Step changes in warming of a few tenths to 1°C can produce rapid changes in risks such as extreme heat and fire danger. Yet, adaptation-planning that follows the dominant model of smooth climate change makes gradual adjustments to keep up with small changes in extremes. In these circumstances, a rapid change can catch sensitive systems out. Poorly planned responses may also lead to maladaptation.
The IPCC has just released the full Special Report on Extreme Weather Events (SREX: The Summary for Policymakers was released late last year). The report looks at what the science tells us about the likely future incidence of extreme weather. It asks how societies can be better prepared to deal with such events.
The incidence of extreme weather in the SREX report follows the science in the IPCC’s Fourth Assessment Report where anthropogenic climate change is assumed to be smooth. Rapid changes are assumed to be due to natural variability and are thought to be random.
Averaged output from climate models are usually presented as lines of best fit. When the output from many models is combined to project future changes, it is sensibly presented as curves. IPCC temperature projections are a typical example.
It is important to remember that these smooth curves are a generalisation. When output from many individual climate model runs are drawn on a graph, coloured spaghetti diagrams that combine change with random variability are produced. Under climate change the real world will experience a similarly noisy future. The climate change component is known as the signal and the random variability component as the noise.
However, climatologists disagree as to whether the enhanced greenhouse effect leads to smooth or non-linear changes in climate. The two main alternatives are:
Anthropogenic climate change is smooth and all observed noise is climate variability (the dominant view).
Anthropogenic change processes interact with climate variability to produce a non-linear climate signal.
Recent abrupt warming in south-eastern Australia bringing heat waves and historically unprecedented catastrophic fires, led to a re-assessment of these two alternatives. This built on earlier work looking at prehistoric climate change in Western Victorian lakes and historical rainfall changes. This work concluded that climate could switch from one regime to another, implying that future climate change may not be all that smooth.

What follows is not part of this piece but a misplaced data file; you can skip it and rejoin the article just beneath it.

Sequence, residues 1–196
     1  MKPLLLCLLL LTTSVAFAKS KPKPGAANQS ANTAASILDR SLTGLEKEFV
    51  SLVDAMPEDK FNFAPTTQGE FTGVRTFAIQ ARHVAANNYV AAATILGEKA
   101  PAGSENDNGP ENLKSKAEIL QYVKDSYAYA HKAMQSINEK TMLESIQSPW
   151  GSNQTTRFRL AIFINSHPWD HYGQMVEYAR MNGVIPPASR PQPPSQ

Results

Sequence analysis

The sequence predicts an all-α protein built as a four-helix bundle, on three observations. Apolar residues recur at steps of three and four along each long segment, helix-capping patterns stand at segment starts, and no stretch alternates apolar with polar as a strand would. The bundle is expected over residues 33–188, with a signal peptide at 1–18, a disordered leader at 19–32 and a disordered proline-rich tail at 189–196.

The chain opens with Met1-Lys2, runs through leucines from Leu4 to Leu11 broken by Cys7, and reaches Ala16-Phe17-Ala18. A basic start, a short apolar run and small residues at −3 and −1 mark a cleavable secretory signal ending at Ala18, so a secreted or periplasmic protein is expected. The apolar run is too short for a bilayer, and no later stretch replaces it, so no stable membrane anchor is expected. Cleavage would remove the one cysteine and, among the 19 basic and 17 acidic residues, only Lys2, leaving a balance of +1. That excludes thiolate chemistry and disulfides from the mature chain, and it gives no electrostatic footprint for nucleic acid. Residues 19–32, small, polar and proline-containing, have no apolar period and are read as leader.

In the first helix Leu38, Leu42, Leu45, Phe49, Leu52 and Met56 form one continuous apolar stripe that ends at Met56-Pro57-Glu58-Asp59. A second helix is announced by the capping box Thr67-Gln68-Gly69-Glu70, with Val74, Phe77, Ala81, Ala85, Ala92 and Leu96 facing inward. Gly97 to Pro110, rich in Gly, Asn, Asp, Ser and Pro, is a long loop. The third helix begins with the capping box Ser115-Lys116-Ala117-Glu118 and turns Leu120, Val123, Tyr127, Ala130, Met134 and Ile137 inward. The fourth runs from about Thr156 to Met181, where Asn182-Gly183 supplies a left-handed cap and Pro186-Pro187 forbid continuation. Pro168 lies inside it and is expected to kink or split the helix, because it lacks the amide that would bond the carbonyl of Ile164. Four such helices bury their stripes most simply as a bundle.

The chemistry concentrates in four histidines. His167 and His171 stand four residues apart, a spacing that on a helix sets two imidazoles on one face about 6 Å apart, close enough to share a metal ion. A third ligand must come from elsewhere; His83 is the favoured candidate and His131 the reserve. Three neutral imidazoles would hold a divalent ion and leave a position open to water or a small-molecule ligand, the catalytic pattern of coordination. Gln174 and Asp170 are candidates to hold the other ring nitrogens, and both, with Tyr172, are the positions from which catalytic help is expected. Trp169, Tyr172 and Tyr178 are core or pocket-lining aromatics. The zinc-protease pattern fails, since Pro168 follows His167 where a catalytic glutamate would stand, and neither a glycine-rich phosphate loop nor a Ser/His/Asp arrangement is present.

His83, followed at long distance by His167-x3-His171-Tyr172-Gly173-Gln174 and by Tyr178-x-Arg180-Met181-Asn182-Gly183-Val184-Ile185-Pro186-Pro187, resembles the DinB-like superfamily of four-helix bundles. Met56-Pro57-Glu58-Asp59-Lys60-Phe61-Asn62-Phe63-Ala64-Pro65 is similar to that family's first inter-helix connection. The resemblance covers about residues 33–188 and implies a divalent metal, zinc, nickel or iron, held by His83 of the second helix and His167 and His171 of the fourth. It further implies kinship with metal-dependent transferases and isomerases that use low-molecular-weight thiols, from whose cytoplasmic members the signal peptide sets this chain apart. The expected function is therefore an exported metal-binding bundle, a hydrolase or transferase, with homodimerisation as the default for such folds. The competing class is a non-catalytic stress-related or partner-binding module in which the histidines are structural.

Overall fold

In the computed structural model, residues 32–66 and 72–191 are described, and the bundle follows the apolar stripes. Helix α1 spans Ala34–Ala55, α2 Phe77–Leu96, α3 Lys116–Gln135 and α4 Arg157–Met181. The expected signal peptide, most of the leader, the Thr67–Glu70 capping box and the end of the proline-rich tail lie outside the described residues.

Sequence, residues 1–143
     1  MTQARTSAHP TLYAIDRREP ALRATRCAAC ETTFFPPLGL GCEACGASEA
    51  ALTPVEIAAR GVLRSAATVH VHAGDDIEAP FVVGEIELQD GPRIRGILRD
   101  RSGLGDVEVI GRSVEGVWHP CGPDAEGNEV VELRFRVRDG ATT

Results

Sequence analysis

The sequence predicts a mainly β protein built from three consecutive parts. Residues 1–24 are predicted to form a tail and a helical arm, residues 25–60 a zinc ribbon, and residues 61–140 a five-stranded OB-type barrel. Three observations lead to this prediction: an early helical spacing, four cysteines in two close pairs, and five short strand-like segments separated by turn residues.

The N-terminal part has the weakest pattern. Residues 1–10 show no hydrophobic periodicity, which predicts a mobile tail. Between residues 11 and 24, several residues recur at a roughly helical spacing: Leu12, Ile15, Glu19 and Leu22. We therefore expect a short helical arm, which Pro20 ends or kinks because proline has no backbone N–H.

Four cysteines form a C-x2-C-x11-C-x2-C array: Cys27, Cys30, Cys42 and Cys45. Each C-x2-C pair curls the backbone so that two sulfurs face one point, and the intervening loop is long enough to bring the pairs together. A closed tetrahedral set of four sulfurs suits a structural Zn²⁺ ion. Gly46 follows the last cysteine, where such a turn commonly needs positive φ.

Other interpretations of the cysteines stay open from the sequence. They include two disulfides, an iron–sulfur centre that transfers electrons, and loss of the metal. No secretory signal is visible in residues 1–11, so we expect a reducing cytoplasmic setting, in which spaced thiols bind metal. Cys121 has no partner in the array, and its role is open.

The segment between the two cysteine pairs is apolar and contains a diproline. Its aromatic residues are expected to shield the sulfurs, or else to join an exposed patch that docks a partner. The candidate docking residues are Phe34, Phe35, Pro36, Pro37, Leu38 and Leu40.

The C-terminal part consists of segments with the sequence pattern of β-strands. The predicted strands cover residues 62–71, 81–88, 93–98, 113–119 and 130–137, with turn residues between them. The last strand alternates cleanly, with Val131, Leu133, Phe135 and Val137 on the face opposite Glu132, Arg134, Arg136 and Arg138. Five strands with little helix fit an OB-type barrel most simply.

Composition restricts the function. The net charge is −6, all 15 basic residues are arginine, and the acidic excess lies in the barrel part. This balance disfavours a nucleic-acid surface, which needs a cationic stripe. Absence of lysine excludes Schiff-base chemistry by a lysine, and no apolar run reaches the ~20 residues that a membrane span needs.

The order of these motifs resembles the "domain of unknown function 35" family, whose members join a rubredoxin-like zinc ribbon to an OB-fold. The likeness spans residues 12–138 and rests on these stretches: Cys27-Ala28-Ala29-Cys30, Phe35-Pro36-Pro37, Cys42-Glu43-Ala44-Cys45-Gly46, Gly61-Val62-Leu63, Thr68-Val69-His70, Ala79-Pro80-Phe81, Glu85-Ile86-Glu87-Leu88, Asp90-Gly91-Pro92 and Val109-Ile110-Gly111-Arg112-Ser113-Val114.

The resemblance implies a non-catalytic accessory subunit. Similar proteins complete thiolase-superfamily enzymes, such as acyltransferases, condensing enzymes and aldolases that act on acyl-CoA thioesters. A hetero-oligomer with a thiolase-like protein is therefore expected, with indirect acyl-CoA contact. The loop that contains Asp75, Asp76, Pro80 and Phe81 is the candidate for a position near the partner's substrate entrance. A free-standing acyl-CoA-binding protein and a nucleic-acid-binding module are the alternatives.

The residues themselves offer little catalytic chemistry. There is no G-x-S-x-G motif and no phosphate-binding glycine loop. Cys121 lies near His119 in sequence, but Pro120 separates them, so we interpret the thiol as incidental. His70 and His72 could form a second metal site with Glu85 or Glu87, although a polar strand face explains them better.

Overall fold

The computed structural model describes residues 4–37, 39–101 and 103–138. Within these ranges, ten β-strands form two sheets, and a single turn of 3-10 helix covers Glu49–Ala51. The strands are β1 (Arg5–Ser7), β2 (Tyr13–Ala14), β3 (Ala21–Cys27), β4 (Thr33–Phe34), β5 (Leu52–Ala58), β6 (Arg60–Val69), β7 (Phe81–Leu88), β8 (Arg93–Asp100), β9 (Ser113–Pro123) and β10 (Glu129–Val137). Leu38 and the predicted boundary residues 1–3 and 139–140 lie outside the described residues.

Techniques used in these earlier studies were adapted to detect step changes in annual time series of temperature and rainfall. This was combined with methods to attribute changes in temperature to internal climate variability and externally forced climate change.
In a stationary climate dominated by natural variability, rainfall explains variations in maximum temperature and over time the remaining errors are random. Likewise, maximum temperature explains variations in minimum temperature. If the errors are non-random, the system is experiencing an external influence.
The climate of south-eastern Australia was stationary from 1910–1967. In 1968, minimum temperature shifted up relative to maximum temperature by 0.7°C and in 1973, maximum temperature shifted upwards relative to rainfall by 0.5°C. The latter was not picked up in observed maximum temperatures because higher rainfall in the early 1970s masked the change.
In 1997, observed maximum temperature increased by 0.8°C. Of this, 0.3°C was due to a decrease in rainfall associated with the “big dry” and 0.5°C was due to external warming.
Instead of being a trend, temperature in south-eastern Australia has shifted upwards in two episodes. The first episode was in 1968–73 and the second in 1997. Similarly timed shifts were found in average temperature for the latitudes 24–44°S and for the southern hemisphere. The upward shift in temperature in 1997 also coincided with a global increase of 0.3°C. All shifts were statistically significant.
Eleven model simulations for the same region showed a similar pattern of changes. Climate was stationary through the first part of the 20th century followed by an upward shift in minimum temperature. Maximum temperature stepped up at the same time or soon after. Increasing greenhouse gas emissions throughout the 21st century produce a temperature pattern that looks like an upwards curving staircase. Simulated shifts for maximum temperature range from 0.5–1.8°C and for minimum temperature range from 0.3–1.0°C, occurring every 15–40 years.
The main reason for step-like increases in warming is most probably the ocean, which absorbs about 85% of the energy from greenhouses gases as stored heat. This heat builds up and is re-emitted periodically into the atmosphere. The timing of these changes suggests that climate variability is playing a part in the storage and release process.
Ocean storage of heat is the main reason why atmospheric warming takes decades to centuries to respond fully to changes in greenhouse gas concentrations in the atmosphere. The evidence is that this heat is being released in bursts. Circumstantial evidence suggests that rainfall may also be changing in response to these shifts, as has occurred in south-western Western Australia, but more research is required.